For several years, I participated in a writing-on-the-spot group that met once a week. Each Tuesday night a group of ten to fifteen women (and the occasional man) sat around the table and wrote to the prompts our facilitator brought. We read to each other what arose. Not only did I get some great starts for stories, boosts for works in progress, I also developed increasing confidence for reading my writing and accepting that the rubbish that sometimes arrives on my page is just part of the process. And I got little odds and ends like this one, a response to the prompt that asked us to write where our loves of reading and writing originated. They were meant to be two separate pieces, but I couldn’t separate mine. Here it is:
I cannot tell you where my loves of reading and writing began. To track the start of those loves would be like tracking the beginning of a spring, bubbling up and bursting through some gap in rock and soft soil. I can dig down for clues, the way I might spread moss and dark stones, cast them aside, stare down into the water, to try to see the start. There, I will find the bottom shelf of the smoke-stained bookcase in the corner of the back room of my Granny and Grandpa McCree’s semi-detached council house in Glasgow. I will find myself, book in hand, stepping backwards until I find my Grandpa’s lap in his wide green chair in the front room. His meaty, brown fingers will hold the book alongside my small, freckled ones. He will read and read and read as long as I ask, while day gives in to night and men wearing wool caps walk past the hedge outside and orange streetlights cast their glances from the corners of Kinalty Road and Muir Street. This is not the beginning.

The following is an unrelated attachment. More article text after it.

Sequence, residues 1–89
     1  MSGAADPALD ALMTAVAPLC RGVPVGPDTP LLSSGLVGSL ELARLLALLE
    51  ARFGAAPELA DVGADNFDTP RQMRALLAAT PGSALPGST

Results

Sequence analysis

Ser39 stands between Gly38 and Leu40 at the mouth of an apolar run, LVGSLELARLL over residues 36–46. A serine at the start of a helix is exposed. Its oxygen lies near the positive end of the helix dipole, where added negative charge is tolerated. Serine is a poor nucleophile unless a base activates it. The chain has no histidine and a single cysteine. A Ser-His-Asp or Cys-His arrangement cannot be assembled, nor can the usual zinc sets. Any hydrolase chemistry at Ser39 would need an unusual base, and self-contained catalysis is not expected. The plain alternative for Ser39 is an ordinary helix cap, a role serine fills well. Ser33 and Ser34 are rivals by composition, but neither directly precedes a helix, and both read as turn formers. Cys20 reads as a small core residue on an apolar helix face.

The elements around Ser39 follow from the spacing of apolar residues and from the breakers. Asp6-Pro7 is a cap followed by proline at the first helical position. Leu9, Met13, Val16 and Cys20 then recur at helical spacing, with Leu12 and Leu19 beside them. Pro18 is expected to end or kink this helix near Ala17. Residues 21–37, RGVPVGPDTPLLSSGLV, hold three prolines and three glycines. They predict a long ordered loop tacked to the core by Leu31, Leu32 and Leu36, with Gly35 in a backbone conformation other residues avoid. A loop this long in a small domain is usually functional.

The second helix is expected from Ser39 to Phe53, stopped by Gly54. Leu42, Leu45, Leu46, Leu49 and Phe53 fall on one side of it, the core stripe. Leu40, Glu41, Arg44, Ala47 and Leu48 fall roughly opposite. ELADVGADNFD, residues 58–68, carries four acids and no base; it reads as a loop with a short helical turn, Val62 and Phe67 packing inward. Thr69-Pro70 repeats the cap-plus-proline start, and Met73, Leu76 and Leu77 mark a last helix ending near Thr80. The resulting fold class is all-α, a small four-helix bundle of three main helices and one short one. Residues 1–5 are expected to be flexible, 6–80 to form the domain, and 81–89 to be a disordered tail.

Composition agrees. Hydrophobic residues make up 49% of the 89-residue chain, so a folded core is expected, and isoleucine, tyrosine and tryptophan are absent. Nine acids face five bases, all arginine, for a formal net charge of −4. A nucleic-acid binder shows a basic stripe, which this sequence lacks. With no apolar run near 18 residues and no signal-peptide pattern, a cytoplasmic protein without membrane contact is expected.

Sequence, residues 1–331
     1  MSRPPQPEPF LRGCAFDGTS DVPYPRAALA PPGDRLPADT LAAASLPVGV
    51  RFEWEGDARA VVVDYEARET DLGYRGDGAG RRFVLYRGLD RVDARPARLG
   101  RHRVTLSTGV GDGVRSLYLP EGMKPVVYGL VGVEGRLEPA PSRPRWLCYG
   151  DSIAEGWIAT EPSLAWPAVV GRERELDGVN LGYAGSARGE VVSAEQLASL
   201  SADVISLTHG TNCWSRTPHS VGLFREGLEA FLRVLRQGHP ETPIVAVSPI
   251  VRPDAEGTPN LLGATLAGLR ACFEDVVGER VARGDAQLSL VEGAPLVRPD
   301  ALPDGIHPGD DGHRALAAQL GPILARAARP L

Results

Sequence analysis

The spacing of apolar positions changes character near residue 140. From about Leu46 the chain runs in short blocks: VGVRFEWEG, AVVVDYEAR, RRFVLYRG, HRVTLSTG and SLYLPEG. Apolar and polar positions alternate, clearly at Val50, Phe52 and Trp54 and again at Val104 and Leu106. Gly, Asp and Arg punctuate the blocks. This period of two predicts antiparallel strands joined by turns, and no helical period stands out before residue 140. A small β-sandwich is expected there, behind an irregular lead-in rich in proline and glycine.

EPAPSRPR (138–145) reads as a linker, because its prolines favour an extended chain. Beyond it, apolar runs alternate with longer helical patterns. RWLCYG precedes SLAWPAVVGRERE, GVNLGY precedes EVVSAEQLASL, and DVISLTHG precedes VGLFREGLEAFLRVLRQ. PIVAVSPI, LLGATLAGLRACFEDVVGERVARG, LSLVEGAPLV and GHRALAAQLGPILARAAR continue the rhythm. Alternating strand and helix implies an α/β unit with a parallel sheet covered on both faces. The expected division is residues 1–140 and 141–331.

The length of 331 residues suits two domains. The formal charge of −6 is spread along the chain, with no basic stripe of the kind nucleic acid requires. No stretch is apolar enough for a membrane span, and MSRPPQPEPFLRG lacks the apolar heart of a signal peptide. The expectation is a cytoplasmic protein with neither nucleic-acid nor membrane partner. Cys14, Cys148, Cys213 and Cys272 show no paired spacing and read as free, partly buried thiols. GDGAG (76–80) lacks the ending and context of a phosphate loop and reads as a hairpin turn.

I can dig further; find tributaries flowing over rock, hard like the chairs in the Kilmarnock library. Here, like a place underground, is a stillness, a silence more sacred than church. Here is the book of Gaelic that takes up both my arms as I carry it back to the table. Here lie the secrets of all the words I know and do not know in languages familiar and foreign. Here I spend hours digging quietly, turning page after page, feeling the frail, gold trimmed edges of some; the thick scallop of others; the weight of the books, solid like granite, held since time before anyone I know existed.
Here is where I take up the pencil, place my page next to a bound book, begin to write. Here, then, is where my spring becomes visible, bubbling up and spilling out in thick lead strokes onto firm white page.
I had no more choice about where to erupt or when or whether than does some spurt of water that finds its way up through the ground. I ask only that my words be allowed to flow down the mountain, to combine with the words of others, to course over rock and soil, to quicken and slow, growing as more join us, making our way to the sea, making our way to each other, to the point at which we all connect.